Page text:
1. Today read “How to Make Your Own Card Game.”
2. Design a game that can be played with nothing but a standard deck of playing cards. It can be single player or multi-player. Your objective can be to get all the cards, get rid of all the cards, get all the cards of one suit, acquire all the face cards, or something else you decide. Gameplay can be fast, slow, competitive, cooperative, involve math and strategy or only chance. Create the rules of your game and then test it out. Remember to name your game and save the rules.

Day 12

1. Watch the video “Introduction to Story.”
2. Watch the video about the purpose of stories in games.
3. We’re going to be working on another paper-based game. If you want, you can keep your idea from your first game. If you prefer, you can start with a new one! The big difference this time around is that we’re going to spend some time developing the story. What is the story of your game? How could it affect the goals and gameplay? Brainstorm some ideas for your game, and write down at least a basic idea of the game story. If you’re working with a new idea, create a new story document and give it a title. If you’re revamping your old game, create a new document with the same title plus “version 2.”

Day 13

1. Watch the game story homework video. How does the story of your game affect its mechanics?
2. The game you are going to create this time needs to be a multiplayer game. That means you must consider whether your game is competitive (and if so, how will one player win) or cooperative (if so, what goal will the players work together to achieve). Your game can also be larger in scale this time around. You will be allowed to use up to 4 sheets of paper to create a larger board, and will be allowed to incorporate other elements such as cards, other board tokens besides the player tokens, counters, etc. Be thoughtful in which elements you choose to add. More complicated isn’t necessarily better!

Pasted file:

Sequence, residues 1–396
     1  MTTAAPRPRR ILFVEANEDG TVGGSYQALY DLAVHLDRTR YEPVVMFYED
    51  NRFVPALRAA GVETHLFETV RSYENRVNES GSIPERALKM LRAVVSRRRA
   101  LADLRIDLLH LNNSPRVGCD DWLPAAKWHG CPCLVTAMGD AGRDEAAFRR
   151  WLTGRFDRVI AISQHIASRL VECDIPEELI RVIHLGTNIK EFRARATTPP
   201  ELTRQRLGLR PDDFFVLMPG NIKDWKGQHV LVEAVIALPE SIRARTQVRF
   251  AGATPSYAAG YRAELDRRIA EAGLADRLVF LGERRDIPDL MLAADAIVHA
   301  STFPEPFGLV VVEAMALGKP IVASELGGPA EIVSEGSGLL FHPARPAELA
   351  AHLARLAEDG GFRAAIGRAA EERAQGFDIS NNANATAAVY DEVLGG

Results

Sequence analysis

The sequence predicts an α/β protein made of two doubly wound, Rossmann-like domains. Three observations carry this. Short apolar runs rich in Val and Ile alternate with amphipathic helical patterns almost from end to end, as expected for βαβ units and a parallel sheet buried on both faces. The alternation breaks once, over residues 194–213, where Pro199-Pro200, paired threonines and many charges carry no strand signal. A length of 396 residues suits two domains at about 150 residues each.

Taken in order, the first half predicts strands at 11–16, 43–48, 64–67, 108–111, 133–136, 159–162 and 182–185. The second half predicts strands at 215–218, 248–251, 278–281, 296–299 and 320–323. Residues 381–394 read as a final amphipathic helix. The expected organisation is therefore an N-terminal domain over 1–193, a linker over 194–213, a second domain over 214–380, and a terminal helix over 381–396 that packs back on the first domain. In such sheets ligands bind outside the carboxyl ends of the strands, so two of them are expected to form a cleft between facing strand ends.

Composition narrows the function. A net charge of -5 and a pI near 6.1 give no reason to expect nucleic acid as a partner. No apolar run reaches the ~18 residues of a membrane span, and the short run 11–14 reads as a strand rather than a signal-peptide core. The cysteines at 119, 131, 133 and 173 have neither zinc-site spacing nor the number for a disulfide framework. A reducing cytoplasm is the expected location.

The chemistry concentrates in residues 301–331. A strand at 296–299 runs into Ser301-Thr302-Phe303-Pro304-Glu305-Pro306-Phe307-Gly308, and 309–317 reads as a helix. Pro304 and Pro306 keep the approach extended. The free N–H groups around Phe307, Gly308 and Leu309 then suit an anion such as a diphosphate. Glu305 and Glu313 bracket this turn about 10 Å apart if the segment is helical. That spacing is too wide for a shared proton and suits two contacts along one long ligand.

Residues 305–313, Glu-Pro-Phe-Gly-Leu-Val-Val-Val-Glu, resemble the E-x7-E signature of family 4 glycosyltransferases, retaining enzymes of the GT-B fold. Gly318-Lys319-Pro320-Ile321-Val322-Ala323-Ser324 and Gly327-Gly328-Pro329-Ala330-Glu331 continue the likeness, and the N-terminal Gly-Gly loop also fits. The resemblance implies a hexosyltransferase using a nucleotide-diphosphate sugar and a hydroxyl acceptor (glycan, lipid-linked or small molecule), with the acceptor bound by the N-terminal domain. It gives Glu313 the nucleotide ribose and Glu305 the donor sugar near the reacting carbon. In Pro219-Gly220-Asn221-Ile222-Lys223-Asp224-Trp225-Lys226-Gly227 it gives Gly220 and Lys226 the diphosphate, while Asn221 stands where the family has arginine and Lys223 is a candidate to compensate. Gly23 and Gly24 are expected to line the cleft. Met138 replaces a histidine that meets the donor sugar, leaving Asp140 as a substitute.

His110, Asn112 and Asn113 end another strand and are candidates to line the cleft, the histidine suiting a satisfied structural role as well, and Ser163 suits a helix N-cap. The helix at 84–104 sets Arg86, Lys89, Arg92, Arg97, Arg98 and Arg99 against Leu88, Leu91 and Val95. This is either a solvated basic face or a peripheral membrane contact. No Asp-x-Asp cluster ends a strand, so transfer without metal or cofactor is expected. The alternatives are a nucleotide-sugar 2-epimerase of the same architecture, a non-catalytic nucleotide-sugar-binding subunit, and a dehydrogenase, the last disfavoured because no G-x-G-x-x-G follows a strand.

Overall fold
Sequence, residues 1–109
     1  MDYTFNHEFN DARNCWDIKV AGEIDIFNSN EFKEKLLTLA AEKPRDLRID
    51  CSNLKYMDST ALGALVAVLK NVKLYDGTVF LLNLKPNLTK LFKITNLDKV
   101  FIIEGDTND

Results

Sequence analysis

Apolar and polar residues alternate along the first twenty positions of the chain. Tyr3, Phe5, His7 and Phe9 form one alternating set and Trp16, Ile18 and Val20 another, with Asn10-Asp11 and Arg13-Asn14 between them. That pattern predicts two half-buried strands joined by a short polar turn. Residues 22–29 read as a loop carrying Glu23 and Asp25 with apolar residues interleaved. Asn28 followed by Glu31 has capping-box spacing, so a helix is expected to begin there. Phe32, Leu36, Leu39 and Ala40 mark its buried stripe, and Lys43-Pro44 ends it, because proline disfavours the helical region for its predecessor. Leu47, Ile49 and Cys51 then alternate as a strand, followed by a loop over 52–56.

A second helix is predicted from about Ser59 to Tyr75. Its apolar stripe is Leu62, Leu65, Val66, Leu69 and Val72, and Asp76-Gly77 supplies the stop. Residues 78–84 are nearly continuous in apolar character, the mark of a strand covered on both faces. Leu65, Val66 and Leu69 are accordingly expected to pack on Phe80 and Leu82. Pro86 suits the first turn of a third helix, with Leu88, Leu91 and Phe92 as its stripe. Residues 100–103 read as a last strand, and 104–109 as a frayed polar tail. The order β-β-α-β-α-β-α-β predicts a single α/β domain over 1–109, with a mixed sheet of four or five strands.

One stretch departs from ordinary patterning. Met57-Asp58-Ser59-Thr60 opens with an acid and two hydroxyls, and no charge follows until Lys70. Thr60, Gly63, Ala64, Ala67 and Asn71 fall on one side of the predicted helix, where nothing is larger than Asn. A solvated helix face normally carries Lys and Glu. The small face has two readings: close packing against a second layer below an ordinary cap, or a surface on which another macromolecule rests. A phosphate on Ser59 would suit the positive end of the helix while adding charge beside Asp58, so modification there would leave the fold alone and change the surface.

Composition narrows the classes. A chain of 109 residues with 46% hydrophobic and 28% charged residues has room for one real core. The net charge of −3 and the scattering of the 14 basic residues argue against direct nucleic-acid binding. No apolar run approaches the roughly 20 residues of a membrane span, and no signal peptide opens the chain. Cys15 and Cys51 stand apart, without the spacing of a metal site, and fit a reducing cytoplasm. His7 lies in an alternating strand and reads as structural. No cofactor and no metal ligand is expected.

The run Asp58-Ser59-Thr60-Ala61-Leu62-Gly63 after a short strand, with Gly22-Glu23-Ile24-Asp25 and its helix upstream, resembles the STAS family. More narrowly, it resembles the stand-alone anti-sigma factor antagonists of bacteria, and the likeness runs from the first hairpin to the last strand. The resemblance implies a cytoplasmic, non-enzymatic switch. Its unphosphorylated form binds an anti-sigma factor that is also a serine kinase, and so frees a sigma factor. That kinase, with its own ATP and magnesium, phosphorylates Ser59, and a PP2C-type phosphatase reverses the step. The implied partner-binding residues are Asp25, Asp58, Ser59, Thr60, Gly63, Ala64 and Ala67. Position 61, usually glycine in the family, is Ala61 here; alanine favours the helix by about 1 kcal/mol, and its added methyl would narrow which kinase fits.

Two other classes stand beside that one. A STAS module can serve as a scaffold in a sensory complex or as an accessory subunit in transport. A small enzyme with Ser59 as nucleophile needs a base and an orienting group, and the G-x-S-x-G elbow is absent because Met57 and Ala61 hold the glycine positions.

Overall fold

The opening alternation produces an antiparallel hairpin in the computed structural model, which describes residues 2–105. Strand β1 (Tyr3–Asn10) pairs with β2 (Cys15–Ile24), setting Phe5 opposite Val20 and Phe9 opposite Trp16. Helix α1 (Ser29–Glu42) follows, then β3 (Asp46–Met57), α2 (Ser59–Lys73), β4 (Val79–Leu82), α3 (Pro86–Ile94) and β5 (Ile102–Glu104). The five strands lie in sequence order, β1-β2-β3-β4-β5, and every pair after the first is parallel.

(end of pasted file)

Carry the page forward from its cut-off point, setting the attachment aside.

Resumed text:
3. How does being a multiplayer game affect the story you wrote yesterday? It’s all right if you need to make changes. Today, decide how players can win the game. Write it down in your game design document.

Day 14

1. Begin creating a mock-up of your game. For the mock-up, don’t worry about presentation or art, just try and create the elements you will need to test your game.

Day 15

1. Continue working on your game mock-up.

Day 16

1. Complete your game mock-up today.
2. Playtest your game with at least one other person. Take notes on what you can do to make the game more balanced or interesting. Collect feedback from the other player.

Day 17

1. Carefully evaluate your board game. What changes should you make to improve gameplay or balance? Are there any rules that need to be changed or clarified? What feedback did you receive that you can incorporate into the game? Create a detailed plan. Tomorrow you are going to begin creating a final version, so make sure you’ve considered any details you need to change and added them to your game design document.

Day 18

1. Today you’re going to begin making your final version of this board game. Don’t worry about art being perfect, but your game needs to be neat, legible, and colored where appropriate. Do not present a final version in pencil. Remember, you are allowed to use:

  • Up to 4 sheets of paper or cardstock
  • Up to 2 six-sided dice
  • Additional components such as cards, tokens, or counters

2. You will have four class days to create your game (complete and ready to play on Day 21), and it needs to reflect that time in your finished product.

Day 19

1. Continue working on your game.

Day 20

1. Continue working on your game.

Day 21

1. Finish making your game.
2. Play your game with at least one other person.